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The role of temperament and social support in depressive symptoms: A twin study of mid-aged women

Yuh, Jongil; Neiderhiser, Jenae M; Spotts, Erica L; Pedersen, Nancy L; Lichtenstein, Paul; Hansson, Kjell LU ; Cederblad, Marianne LU ; Elthammer, Olle and Reiss, David (2008) In Journal of Affective Disorders 106(1-2). p.99-105
Abstract
Background: Although research has found that temperament and social support are associated with depression, these relationships have not been explored in conjunction with one another as they relate to depression using a genetically informative design. This study investigated how the association among the three constructs is mediated. Methods: The sample in this study consisted of 326 pairs of adult monozygotic and dizygotic twins drawn from the Swedish Twin Registry. Twins were mothers of adolescent from married or partnered relationships. The genetic and environmental contributions to the association were evaluated by self-reported measures of temperament, social support, and depressive symptoms. Results: Multivariate genetic model... (More)
Background: Although research has found that temperament and social support are associated with depression, these relationships have not been explored in conjunction with one another as they relate to depression using a genetically informative design. This study investigated how the association among the three constructs is mediated. Methods: The sample in this study consisted of 326 pairs of adult monozygotic and dizygotic twins drawn from the Swedish Twin Registry. Twins were mothers of adolescent from married or partnered relationships. The genetic and environmental contributions to the association were evaluated by self-reported measures of temperament, social support, and depressive symptoms. Results: Multivariate genetic model fitting revealed that a moderate portion of genetic influences were common among the three central constructs of harm avoidance, perceived social support, and depressive symptoms. Limitations: The results may not be generalizable to depressive disorders in clinical settings. The measures were self-reported from a cross-sectional study. Conclusions: The findings suggest that the heritable component may contribute to genetic influences on an individual's ability to secure social support and thus to genetic risk for depressive symptomatology in women. (Less)
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author
organization
publishing date
type
Contribution to journal
publication status
published
subject
keywords
twin study, depressive symptoms, temperament, social support
in
Journal of Affective Disorders
volume
106
issue
1-2
pages
99 - 105
publisher
Elsevier
external identifiers
  • wos:000252905300009
  • scopus:37349124140
ISSN
1573-2517
DOI
10.1016/j.jad.2007.05.025
language
English
LU publication?
yes
id
b6843482-b425-4e4d-af5e-98b3ad1efea5 (old id 1198658)
date added to LUP
2008-09-10 16:08:13
date last changed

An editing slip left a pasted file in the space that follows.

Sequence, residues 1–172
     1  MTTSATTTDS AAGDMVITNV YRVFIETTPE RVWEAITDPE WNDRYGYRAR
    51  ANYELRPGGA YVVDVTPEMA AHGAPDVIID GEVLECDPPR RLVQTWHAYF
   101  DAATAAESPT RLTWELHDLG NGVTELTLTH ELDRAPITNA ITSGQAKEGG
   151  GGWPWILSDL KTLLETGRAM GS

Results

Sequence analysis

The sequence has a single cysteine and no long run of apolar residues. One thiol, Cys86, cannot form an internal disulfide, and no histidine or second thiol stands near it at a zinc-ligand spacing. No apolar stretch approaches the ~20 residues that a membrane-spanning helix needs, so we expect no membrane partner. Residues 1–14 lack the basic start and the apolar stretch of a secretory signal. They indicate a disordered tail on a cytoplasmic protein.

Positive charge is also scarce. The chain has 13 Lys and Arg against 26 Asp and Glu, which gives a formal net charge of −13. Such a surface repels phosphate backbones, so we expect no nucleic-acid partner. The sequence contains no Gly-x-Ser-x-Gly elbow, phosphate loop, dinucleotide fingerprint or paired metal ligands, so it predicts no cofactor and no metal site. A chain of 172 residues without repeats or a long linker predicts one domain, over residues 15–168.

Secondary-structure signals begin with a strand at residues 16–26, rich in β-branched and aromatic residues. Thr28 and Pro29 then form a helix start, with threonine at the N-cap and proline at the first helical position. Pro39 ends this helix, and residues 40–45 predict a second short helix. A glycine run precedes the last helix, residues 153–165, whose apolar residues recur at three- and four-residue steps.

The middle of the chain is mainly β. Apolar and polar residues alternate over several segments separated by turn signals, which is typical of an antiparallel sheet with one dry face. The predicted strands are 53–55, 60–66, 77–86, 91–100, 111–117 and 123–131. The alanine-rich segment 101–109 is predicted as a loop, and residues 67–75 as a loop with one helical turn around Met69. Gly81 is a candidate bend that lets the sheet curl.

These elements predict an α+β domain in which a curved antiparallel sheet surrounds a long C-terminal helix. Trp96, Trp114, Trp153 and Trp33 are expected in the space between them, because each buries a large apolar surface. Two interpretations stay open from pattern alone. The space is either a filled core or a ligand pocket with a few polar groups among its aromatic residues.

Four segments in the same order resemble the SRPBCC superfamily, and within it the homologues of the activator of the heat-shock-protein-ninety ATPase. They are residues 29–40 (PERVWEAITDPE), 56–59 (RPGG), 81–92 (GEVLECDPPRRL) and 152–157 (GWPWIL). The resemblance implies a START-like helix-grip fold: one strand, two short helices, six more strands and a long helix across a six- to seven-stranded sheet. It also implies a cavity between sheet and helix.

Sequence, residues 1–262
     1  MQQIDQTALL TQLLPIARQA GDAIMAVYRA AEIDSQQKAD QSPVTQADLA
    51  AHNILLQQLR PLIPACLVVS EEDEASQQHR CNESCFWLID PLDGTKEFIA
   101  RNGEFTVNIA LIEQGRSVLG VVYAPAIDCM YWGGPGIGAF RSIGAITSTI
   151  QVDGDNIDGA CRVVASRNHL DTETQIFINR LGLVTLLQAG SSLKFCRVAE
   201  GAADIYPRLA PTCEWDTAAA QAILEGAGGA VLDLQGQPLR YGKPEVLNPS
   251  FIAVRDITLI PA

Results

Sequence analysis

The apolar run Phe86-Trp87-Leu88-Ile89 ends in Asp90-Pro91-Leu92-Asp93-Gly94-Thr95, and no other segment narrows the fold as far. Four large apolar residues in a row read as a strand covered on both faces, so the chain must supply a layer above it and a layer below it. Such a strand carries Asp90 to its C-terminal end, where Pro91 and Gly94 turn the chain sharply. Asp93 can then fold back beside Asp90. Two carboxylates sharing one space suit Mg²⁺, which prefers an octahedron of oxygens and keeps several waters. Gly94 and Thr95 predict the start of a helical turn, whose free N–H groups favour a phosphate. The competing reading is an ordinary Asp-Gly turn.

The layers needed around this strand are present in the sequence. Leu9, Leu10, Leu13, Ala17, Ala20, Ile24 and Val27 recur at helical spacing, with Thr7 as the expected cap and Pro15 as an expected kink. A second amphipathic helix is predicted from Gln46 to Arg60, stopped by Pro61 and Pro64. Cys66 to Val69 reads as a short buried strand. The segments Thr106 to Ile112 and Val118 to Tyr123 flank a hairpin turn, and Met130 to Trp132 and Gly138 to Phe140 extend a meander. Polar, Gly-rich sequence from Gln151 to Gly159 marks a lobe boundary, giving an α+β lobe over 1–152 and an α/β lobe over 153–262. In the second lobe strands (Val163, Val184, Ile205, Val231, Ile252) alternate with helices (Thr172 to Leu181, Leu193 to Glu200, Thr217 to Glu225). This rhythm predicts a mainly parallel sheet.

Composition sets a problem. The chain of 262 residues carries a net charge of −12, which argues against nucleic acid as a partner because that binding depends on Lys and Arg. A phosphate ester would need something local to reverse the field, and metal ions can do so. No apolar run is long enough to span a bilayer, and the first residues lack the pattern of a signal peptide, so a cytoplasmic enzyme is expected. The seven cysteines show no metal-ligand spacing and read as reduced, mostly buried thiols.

2017-01-01 04:51:38
@article{b6843482-b425-4e4d-af5e-98b3ad1efea5,
  abstract     = {Background: Although research has found that temperament and social support are associated with depression, these relationships have not been explored in conjunction with one another as they relate to depression using a genetically informative design. This study investigated how the association among the three constructs is mediated. Methods: The sample in this study consisted of 326 pairs of adult monozygotic and dizygotic twins drawn from the Swedish Twin Registry. Twins were mothers of adolescent from married or partnered relationships. The genetic and environmental contributions to the association were evaluated by self-reported measures of temperament, social support, and depressive symptoms. Results: Multivariate genetic model fitting revealed that a moderate portion of genetic influences were common among the three central constructs of harm avoidance, perceived social support, and depressive symptoms. Limitations: The results may not be generalizable to depressive disorders in clinical settings. The measures were self-reported from a cross-sectional study. Conclusions: The findings suggest that the heritable component may contribute to genetic influences on an individual's ability to secure social support and thus to genetic risk for depressive symptomatology in women.},
  author       = {Yuh, Jongil and Neiderhiser, Jenae M and Spotts, Erica L and Pedersen, Nancy L and Lichtenstein, Paul and Hansson, Kjell and Cederblad, Marianne and Elthammer, Olle and Reiss, David},
  issn         = {1573-2517},
  keyword      = {twin study,depressive symptoms,temperament,social support},
  language     = {eng},
  number       = {1-2},
  pages        = {99--105},
  publisher    = {Elsevier},
  series       = {Journal of Affective Disorders},
  title        = {The role of temperament and social support in depressive symptoms: A twin study of mid-aged women},
  url          = {http://dx.doi.org/10.1016/j.jad.2007.05.025},
  volume       = {106},
  year         = {2008},
}